Steamed Ham

I have had a fascination with the genre of Steampunk for some time now. However, I was less than impressed with an episode of the competitive series “Steampunk’d”. Grammar issues aside, I didn’t like the episode in which a wardrobe closet was built. In the episode, there was a very painful misrepresentation of radio.

Let me explain. The two teams were required to build a wardrobe. This doesn’t both me. What bothered me was when they reach the part of the episode in which an explanation of the build is given. The team with only three people built a rather awkward room and costume. The costume had a globe valve on the front of it. The explanation given was that it was to tune to other radio channels to call for help. I should mention that the room was themed as “Royal Garrison”. Please excuse my disgust, but a water valve is NOT a VFO, or even a shoddy surrogate for one.

The simple truth of the matter is that radio may have been invented as early as 1895, and is credited to Guglielmo Marconi, the fact is that the distance for a radio signal was exceedingly short, and it was Morse Code only. In fact, the first trans-Atlantic Morse Code transmission would not be until 1901. Additionally, tuning would have been very limited, for though the variable capacitor was invented in 1893 by Dezső Korda, it’s full application wouldn’t be seen for several years after the first trans-Atlantic transmission. Add to that the first voice transmission wouldn’t be until 1906, which would be after the end of the antebellum age, and you find that voice over the radio is almost inappropriate for Steampunk.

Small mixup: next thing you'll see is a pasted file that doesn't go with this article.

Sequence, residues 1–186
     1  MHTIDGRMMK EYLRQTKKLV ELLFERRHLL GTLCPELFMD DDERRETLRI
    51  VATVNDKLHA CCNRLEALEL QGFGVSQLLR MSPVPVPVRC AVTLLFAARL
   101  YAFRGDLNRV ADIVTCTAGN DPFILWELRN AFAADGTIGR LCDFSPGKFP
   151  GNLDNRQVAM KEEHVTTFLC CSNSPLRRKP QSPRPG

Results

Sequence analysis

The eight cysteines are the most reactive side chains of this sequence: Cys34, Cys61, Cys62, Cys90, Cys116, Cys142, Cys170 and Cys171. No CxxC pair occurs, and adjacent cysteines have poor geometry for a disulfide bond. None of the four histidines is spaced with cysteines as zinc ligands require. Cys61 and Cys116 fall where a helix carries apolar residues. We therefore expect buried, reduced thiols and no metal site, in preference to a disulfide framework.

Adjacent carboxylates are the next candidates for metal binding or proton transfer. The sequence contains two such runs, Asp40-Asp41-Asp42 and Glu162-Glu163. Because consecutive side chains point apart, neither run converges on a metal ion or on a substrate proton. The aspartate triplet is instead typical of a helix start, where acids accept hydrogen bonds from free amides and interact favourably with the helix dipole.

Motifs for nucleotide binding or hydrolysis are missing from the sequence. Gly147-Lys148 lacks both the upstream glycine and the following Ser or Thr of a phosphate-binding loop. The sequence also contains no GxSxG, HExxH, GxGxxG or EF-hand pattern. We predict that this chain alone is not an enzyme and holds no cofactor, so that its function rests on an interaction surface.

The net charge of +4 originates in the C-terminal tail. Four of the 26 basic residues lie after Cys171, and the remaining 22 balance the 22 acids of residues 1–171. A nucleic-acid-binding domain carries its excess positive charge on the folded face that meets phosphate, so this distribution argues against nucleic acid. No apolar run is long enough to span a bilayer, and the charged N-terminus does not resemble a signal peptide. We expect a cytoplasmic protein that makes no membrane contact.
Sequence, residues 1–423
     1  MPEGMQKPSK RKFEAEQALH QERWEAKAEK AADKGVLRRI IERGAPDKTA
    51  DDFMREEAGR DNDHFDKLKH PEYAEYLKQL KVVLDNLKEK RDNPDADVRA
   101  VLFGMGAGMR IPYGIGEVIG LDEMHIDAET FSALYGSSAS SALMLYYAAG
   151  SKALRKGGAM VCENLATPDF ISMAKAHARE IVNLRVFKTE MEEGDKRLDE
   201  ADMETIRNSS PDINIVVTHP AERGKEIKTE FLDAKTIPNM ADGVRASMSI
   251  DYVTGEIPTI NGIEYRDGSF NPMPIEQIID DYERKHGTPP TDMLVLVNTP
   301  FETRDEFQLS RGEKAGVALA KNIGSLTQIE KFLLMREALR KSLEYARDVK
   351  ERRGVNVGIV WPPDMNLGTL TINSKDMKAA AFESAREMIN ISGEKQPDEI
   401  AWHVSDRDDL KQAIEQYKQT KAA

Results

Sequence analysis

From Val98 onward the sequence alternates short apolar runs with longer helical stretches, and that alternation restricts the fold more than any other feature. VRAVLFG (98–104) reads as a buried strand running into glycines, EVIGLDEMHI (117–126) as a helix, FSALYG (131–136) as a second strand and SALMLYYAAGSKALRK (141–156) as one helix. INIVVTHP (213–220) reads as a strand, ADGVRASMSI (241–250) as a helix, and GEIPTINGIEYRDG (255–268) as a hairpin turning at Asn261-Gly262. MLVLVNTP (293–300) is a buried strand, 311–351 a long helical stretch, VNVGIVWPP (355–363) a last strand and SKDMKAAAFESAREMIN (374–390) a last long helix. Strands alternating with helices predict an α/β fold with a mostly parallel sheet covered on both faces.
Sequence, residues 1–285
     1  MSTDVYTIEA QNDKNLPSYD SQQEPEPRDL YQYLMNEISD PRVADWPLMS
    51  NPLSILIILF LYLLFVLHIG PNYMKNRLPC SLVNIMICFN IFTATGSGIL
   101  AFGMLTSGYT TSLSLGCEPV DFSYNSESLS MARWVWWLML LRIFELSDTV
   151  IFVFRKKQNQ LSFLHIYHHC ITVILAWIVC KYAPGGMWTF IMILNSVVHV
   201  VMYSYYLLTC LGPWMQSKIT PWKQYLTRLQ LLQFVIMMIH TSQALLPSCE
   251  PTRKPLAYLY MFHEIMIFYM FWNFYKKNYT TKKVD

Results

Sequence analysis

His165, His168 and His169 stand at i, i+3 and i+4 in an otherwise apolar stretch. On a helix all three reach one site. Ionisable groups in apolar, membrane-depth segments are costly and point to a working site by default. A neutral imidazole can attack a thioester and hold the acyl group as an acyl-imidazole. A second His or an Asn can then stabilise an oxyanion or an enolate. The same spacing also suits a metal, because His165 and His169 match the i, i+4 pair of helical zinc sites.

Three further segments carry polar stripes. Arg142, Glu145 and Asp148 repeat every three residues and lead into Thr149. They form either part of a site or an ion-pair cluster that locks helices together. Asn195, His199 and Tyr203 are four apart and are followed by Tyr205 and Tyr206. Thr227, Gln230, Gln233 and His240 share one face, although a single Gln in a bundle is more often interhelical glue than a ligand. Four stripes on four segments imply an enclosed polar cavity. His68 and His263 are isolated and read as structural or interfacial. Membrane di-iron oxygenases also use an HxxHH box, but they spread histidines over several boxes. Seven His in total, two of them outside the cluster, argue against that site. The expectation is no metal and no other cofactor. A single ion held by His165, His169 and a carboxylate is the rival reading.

Is there room for radio, and voice transmission, in Steampunk? Yes. However, it must be presented as an alt-history scenario, and it must not be misrepresented. When dealing with radio, even in a cosplay, it must be done responsibly. Simply put, if you don’t know and understand radio, don’t talk about it as if you do. The simple truth is, you are very likely to upset somebody who is knowledgeable, and actually has experience doing what you don’t really know or understand.

What does this mean? Realistically, it is just a rant. I really hate seeing radio misrepresented. This is precisely what happened in season 2, episode 4 of “Steampunk’d”. Additionally, not only did they misrepresent radio, they misrepresented the proper use of a globe valve. I will say that had the globe valve been used to “control the flow of plasma” to the costume’s “weapon”, I would not have taken issue with it. However, to say that it was used as a radio to call for help, I have no option but to take issue. However, I will let the reader decide for themselves.

Steampunk’d Season 1 Episode 4. The affront to radio begins at the 26 minute mark.


If it was up to me, I’d demand an apology from that particular team for how they misrepresented radio.

Note to critics: I have been a licensed amateur radio operator since 1998, and I have built several radios, both locked frequency and variable frequency. I have also studied the history of radio, and will be quite happy to argue that radio is more product of the diesel era than that of the steam era, as it is the diesel era in which voice transmissions and tuned circuits really belong.